None of the activities highlighted above, including the routine collection of data, will function unless there is regular supervision and review from within and without the health facility. Quarterly supervision, monitoring and evaluation of case finding and treatment outcomes in National TB Control Programmes has always been an essential component of the DOTS policy package, and this practice has been successfully extended to HIV care and treatment programmes as well (Libamba et al. 2006). Infection control committees would need to clearly dictate how these supervision activities are organized and implemented, with an important component being both positive and negative feedback to those responsible for infection control policy and practice within the health facility.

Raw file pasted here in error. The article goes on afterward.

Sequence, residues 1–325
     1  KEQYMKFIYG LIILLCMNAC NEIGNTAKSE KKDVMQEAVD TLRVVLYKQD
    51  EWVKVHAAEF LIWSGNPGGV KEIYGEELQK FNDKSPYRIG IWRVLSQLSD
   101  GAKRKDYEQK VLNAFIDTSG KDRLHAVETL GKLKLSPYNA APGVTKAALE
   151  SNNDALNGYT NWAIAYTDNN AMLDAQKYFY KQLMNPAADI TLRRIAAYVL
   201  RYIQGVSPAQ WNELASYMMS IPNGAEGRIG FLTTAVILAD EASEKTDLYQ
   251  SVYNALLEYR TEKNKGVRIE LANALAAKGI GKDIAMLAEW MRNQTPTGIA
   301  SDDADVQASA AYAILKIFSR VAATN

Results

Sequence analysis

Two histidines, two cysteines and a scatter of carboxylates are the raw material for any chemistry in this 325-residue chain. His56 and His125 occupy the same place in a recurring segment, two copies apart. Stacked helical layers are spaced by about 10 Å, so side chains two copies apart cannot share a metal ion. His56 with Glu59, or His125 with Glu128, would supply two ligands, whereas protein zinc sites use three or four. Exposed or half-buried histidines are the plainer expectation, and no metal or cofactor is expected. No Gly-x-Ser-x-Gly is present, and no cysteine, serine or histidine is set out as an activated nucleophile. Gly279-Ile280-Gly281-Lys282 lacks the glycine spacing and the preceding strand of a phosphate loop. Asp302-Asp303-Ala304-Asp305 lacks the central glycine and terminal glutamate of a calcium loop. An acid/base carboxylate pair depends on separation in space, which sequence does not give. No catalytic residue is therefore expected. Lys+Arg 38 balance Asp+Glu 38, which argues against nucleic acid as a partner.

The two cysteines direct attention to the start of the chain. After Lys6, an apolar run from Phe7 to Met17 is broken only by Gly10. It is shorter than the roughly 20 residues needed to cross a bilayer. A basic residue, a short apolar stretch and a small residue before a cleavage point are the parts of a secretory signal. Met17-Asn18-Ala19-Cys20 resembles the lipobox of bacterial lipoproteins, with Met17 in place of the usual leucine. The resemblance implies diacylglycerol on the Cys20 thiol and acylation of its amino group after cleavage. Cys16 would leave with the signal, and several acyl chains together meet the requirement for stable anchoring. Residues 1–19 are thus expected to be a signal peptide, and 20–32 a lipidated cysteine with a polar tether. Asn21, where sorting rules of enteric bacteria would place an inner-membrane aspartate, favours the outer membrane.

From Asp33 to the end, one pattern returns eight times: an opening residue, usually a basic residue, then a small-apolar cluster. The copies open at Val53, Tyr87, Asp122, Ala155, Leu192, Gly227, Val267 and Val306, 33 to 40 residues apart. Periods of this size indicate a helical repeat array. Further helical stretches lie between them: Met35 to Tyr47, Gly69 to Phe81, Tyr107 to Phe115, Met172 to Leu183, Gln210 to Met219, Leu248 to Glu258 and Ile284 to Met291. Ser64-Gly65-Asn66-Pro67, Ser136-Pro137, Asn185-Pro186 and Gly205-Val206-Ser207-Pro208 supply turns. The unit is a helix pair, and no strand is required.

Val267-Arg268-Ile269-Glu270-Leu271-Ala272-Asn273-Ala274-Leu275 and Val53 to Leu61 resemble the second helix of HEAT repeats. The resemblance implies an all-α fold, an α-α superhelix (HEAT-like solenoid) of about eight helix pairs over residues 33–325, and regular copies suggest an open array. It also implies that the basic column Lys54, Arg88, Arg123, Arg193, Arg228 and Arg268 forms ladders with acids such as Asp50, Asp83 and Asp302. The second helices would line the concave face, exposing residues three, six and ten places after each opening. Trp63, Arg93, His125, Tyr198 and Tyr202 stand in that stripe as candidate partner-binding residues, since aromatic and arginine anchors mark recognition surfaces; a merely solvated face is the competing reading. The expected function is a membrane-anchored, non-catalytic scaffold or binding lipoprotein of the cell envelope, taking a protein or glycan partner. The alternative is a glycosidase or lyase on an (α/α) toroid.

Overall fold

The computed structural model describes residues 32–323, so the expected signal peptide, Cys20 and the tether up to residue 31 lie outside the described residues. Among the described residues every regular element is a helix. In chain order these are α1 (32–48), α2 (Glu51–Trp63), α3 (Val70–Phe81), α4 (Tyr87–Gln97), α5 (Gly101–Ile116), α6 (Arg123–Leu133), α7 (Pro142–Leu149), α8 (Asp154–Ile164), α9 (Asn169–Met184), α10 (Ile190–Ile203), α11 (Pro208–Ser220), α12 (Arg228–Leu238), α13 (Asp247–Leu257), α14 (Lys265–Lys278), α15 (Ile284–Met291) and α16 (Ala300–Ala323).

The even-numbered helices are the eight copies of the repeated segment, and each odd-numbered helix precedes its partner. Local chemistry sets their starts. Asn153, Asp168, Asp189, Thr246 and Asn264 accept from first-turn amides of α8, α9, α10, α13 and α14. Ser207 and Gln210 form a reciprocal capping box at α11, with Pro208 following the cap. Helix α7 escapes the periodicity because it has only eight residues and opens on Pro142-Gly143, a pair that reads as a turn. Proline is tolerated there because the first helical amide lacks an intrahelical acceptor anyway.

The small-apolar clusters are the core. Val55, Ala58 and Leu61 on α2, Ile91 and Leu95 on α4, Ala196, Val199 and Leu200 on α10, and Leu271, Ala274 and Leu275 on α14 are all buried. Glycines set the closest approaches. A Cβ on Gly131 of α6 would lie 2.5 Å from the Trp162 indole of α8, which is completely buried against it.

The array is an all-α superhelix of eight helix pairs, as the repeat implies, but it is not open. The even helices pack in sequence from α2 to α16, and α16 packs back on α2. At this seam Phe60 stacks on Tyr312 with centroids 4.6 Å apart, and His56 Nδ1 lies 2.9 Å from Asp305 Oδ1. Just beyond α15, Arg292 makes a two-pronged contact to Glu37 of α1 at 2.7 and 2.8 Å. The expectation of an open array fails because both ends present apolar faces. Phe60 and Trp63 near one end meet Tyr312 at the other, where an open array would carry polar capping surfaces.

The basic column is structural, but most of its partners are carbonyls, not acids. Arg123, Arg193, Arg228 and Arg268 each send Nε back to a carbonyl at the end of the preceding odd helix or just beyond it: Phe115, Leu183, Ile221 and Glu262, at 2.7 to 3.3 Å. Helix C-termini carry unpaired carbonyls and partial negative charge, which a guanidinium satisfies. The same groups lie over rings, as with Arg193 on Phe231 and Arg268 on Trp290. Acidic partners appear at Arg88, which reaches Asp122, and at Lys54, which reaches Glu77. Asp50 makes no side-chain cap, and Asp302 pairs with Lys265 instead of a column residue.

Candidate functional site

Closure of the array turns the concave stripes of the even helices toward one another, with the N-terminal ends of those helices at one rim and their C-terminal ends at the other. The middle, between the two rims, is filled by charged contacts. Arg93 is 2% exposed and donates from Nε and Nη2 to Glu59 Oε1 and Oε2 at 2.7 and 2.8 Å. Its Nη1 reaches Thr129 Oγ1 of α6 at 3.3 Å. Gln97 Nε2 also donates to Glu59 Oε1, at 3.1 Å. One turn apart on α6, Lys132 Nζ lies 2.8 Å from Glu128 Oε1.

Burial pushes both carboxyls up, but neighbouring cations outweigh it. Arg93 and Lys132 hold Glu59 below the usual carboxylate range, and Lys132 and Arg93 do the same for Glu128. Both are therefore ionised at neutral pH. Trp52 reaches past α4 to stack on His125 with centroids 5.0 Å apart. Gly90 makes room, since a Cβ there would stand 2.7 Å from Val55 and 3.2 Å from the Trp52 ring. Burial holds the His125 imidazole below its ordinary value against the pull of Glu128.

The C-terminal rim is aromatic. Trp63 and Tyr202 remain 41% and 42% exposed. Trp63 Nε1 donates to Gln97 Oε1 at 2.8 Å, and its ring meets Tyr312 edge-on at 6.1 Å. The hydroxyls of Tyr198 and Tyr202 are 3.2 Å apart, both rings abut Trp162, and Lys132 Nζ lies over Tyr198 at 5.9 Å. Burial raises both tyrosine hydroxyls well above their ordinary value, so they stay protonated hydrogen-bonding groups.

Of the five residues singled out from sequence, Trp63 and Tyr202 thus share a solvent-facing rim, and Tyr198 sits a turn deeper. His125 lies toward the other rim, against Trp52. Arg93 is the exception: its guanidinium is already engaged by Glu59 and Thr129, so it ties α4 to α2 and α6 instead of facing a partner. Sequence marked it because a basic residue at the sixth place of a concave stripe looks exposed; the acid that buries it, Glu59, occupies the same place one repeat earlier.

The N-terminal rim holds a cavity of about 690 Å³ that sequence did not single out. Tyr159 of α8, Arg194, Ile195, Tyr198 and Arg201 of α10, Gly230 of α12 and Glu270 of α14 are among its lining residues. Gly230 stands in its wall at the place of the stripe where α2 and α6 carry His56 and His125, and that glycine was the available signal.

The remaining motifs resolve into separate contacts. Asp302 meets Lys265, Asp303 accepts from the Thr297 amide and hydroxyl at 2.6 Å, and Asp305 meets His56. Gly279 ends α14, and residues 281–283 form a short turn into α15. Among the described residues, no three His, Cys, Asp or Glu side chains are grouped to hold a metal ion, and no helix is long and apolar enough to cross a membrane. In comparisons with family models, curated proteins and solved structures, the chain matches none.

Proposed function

For health care workers in different disciplines in a busy district hospital or health centre to gather around the table on a Monday morning requires a topic of mutual interest, importance and relevance. Infection control and health facility safety fulfil these criteria, both for the health care worker fraternity and the constituency of patients who utilize the facility. Infection control fills the void, and provides relevant issues for discussion that require local leadership, a sound understanding of disease epidemiology, clarity of thought, community inputs and a pragmatic approach to finding solutions. Health systems cannot and should not be discussed in the abstract. They have to exist to optimally deliver services for real people, and they have to prevent and treat diseases that have names, such as TB and HIV/AIDS (El-Sadr & De Cock 2009). A focus on infection control provides the necessary specificity, the exemplary practice of which requires that all components of the health system function. This offers a first concrete start to bridging the current divide between disease-specific programs and health systems. It paves the way for a more comprehensive framework that embraces general medicine, paediatrics, surgery and maternal health and that takes into account other issues such as hospital antibiotic policy, hospital-acquired pneumonia, general hygiene, food hygiene and hospital laundry services. Without attention to infection control, hospitals risk again becoming regarded as places where you enter with one infection only to exit with another, and regressing backwards to those dark days in the 19th century when Ignaz Semmelweis dared to point the finger. In the 21st century we surely can do better.